"I REMEMBER IT as a clear and beautiful day, with scattered clouds and not much wind." Joe Taussig was looking out at a gray day from his Annapolis home on Weems Creek, a vast distance from where he was on that other day, 58 years ago tomorrow.
Then-Ensign Taussig bounded topside into that lovely weather to assume command as officer of the deck of the USS Nevada. It was 7: 50 in the morning.
"The Nevada band was supposed to play 'The Star-Spangled Banner' at 8 o'clock sharp, and I remember being worried about the size of the flag for the ceremony. So, I sent someone to call across to the Arizona, which was moored just forward of us.
"Out of the corner of my eye I saw a Douglass torpedo bomber -- I knew my bombers, or so I thought. This one dropped a torpedo. Now, I had seen this before, and torpedoes normally went to a depth of 100 feet before rising for their run.
"I remember distinctly thinking: 'Well, we'll watch 'em dig this one out of the mud.' It's 40 feet deep in Pearl Harbor.
"Then, everything happened all at once. Adolpho Solar, my boatswain mate, a 100 percent professional, said they were bombing Ford Island. The plane turned off, and there it was on the wings, the Japanese Rising Sun."
Solar's call to battle stations -- "This is no drill!" -- sent Taussig to his post to direct anti-aircraft guns. He noticed immediately that Marines high above in "bird baths" along the mast already were working their .50-caliber machine guns.
Standing in his sky control station, he remembers, "I felt a very heavy blow on the bottom of my feet, concussion from a bomb explosion three decks below. Just seconds later I suddenly saw my left foot under my left armpit."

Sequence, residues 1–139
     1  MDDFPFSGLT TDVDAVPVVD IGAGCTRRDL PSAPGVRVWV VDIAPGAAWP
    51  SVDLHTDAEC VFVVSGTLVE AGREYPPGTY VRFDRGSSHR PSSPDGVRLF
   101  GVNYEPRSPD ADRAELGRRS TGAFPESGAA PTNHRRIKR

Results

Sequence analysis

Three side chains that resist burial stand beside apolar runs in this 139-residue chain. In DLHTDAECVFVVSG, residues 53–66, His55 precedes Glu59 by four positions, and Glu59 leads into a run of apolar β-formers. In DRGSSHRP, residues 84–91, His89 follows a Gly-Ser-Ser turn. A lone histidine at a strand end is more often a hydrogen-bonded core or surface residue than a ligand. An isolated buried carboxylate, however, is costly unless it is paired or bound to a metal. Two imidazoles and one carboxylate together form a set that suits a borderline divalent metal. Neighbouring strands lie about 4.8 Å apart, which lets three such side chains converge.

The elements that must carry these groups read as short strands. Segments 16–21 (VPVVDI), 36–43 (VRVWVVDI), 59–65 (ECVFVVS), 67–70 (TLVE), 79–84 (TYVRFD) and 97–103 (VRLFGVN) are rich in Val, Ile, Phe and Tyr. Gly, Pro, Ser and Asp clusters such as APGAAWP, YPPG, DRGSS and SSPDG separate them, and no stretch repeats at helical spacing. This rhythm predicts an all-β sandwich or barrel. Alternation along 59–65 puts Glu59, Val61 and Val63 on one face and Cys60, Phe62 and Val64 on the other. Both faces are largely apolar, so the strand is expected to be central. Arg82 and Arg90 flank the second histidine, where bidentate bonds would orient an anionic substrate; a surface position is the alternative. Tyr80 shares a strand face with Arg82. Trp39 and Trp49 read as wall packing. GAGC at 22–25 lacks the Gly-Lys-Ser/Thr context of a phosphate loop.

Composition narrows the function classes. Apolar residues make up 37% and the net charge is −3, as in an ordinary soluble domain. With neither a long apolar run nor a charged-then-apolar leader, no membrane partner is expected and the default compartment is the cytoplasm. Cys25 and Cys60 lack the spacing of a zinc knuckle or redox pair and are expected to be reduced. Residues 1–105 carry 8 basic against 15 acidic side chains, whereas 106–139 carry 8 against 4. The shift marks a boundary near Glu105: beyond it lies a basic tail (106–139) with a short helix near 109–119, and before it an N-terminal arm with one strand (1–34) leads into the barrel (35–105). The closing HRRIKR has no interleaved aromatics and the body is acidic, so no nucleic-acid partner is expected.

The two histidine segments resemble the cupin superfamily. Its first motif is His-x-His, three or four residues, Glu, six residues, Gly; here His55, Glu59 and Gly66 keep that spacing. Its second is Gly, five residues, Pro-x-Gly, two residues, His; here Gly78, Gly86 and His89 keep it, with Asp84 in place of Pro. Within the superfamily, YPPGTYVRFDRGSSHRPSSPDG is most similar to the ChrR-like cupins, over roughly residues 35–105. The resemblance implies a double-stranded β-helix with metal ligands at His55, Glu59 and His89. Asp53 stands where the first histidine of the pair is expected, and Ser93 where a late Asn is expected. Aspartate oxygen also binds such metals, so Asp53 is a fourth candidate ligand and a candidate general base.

It was 30 years later, after minute study of the attack, that Taussig learned he had been struck by a strafing plane. Still conscious, lying with his head cradled in the lap of a sailor, Taussig ordered the Nevada to get under way.
He belittles his role: Orders were given by many ensigns and junior lieutenants because so many senior officers were ashore. Getting under way meant passing the Arizona, which was a flaming wreck, destruction that radiated to the Nevada.
"Men were burning," he said of his ship, "the deck was on fire, ammo was exploding, smoke everywhere, blood running down the starboard side. We had 60 killed and more than 100 wounded, most along the boat deck."
Solar was among those killed.
With 14 fires raging through the ship and the Japanese overhead in their second wave, the decision was made to run the Nevada aground, rather than risk its being sunk in the harbor mouth. Corpsman Ned Curtis risked his life to maneuver Taussig to a rescue vessel. He was rushed to a hospital.
Taussig lost his leg and endured 52 months of recuperation. He earned a law degree at George Washington University and served in the Navy until 1954, retiring as a captain. He was hired as a civilian in 1981 to help with the buildup of the Navy.
Rooted in (and for) Navy
There was little question whom he was rooting for Saturday during the 100th Army-Navy football game, won by Navy 19-9.
Taussig's grandfather graduated from the Naval Academy in 1867, his father in 1899, he in 1941, a son in 1966 and a grandson in 1993. Wife Betty Taussig is the daughter of the late Robert B. Carney, who was chief of naval operations.
Taussig is working on his life story. His wife is also working on a book, her third, about the lives of the academy's Class of '41.